30. Mike Stasse

    “We should have been” is actually FORTY TWO YEARS OLD!

    All the stuff I go on about in my comments on the AIMN were predicted in 1972 by the Club of Rome…… and nobody did ANYTHING. Heads in the sand everywhere. Still. Even people here like Beeza Geeza can’t be bothered learning the truth. It’s just too inconvenient.
    So much for debunking the Club of Rome….

  31. Mike Stasse

    I wrote a lengthy reply to Kaye’s 9:03AM post….. and it disappeared, obviously…

  32. Matthew Oborne

    When the oil find was announced in South Australia I was expecting at least some sanity. The race to get it out of the ground is now on presumably with no calls to leave it there, I guess we better build more of those roads of the 21st century, good thing too I was wondering what epoc of road building the Abbott government would embrace, first thoughts were ancient Roman roads flanked with crucifixes. High speed rail has been derailed in favour of infrastructure with a use by date.

  33. DanDark

    Mathew you forgot, The Toga, no more budgie smugglers though,
    Oh my dear, it’s too funny this morning
    Truthies ditty is bloody funny
    Everybody should start the day with Truthie 🙂
    Then a read of AIMN it all makes me feel sane again 😉

  34. DanDark

    Beeza Geeza
    My grandfather came from England
    One of his grandfathers was a prototype engineer
    And did prototype designs etc for steam trains
    We have to start someone
    If someone had told the Romans
    There would be steam trains moving the masses
    They would of laughed at them, then stoned them to death
    The Future is soooo hard for some folk to understand
    They just want to live in the dark ages, and keep everyone else there too

  35. DanDark

    Oops sorry we all have to start Somewhere

  36. Kaye Lee


    I love the idea of people living in communities using permaculture and sharing resources. I think the HSR could facilitate that. There are innumerable benefits to allowing people to spend most of their time in such a community, working from home, if they also had quick easy access to the cities or town centres when needed which would be increasingly less hopefully. We could then make our finite resources last longer while our brilliant scientists continue to come up with new ideas.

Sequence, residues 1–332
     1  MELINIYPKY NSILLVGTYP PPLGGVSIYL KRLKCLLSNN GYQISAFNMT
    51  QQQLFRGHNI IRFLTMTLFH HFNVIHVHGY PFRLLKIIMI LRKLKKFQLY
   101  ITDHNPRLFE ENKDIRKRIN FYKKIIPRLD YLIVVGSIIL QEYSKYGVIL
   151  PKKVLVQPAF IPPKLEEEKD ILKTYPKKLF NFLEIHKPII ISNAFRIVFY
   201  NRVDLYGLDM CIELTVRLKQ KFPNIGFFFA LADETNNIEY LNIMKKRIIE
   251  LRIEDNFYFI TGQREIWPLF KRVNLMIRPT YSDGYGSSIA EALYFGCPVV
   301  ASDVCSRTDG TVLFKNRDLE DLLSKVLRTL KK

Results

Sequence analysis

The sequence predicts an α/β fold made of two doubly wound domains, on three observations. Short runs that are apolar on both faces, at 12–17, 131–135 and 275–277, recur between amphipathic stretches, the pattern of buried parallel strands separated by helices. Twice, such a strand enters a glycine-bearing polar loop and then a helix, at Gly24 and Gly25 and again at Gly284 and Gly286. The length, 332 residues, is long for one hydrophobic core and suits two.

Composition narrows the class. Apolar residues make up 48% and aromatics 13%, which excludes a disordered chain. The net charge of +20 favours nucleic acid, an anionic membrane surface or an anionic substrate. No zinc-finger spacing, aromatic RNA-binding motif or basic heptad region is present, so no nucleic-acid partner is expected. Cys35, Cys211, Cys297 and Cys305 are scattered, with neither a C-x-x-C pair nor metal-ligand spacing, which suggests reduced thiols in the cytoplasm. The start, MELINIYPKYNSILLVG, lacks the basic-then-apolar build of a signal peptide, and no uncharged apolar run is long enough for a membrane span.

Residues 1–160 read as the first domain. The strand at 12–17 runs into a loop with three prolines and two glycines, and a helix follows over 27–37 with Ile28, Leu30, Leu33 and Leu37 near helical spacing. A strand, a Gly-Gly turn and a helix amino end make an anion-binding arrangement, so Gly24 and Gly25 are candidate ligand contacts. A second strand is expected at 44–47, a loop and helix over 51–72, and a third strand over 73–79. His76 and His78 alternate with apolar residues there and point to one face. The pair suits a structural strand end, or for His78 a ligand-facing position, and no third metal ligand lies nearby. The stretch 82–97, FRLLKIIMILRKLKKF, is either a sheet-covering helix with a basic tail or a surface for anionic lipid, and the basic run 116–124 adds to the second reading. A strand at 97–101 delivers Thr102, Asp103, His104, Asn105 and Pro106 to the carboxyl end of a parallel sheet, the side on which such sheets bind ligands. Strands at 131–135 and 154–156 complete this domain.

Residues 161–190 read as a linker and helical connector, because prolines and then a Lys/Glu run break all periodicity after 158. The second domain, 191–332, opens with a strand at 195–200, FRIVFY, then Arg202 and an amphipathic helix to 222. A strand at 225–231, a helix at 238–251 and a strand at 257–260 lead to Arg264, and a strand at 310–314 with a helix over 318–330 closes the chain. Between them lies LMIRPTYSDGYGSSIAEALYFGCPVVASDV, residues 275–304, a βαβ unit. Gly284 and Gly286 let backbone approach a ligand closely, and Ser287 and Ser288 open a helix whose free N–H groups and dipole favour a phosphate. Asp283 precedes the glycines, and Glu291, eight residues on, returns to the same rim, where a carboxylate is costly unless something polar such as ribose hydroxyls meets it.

37. Mike Stasse

    I love the idea of people living in communities using permaculture and sharing resources. I think the HSR could facilitate that

    Do you Kaye? No one I know of omes here to partake in Permaculture who lives more than 10 km from here….. most of them walk! (not from 10km of course…)

    Where I live, near Noosa, is the originating hub of Permaculture. We have monthly Permablitzes, but NOBODY would use HSR to come here. I’m prepared to bet my house Australia will NEVER have HSR.

    Re the Romans remark, there’s an Arab saying that goes something along these lines: My father rode a camel. I drive an SUV, and my son rides in a Lear Jet. But his son will ride a camel too.
    And to DanDark……. I absolutely do NOT believe we will go back to the dark ages. Unless we allow it to happen of course.

  38. DanDark

    Mike lol lol lol lol lol
    whatevs 🙂

  39. Kaye Lee


    I wasn’t actually envisaging the purpose of high speed rail to be people coming to visit you (or any other permaculture commune). I was talking about the people in those communes being able to get OUT for work or education or doctors visits or entertainment or to visit family should they choose to do so.

  40. John921Fraser


    @Kaye Lee

    When you have a moment I would be interested in your take on this "Comment" and the numbers therein :

    Abbottism has brought a pestilential horde of political unfairness down on those who can least cope. Those with kaleidoscope eyes ignore the thinking of an unintelligent, dedicated to ordinariness, untalented type of man with a want to impose misery. One could expect such cruel and satisfying mockery from the Neolithic era: brutish mindlessness like a man who carelessly throws a well gnawed bone to his dog, after the cur had found his supper.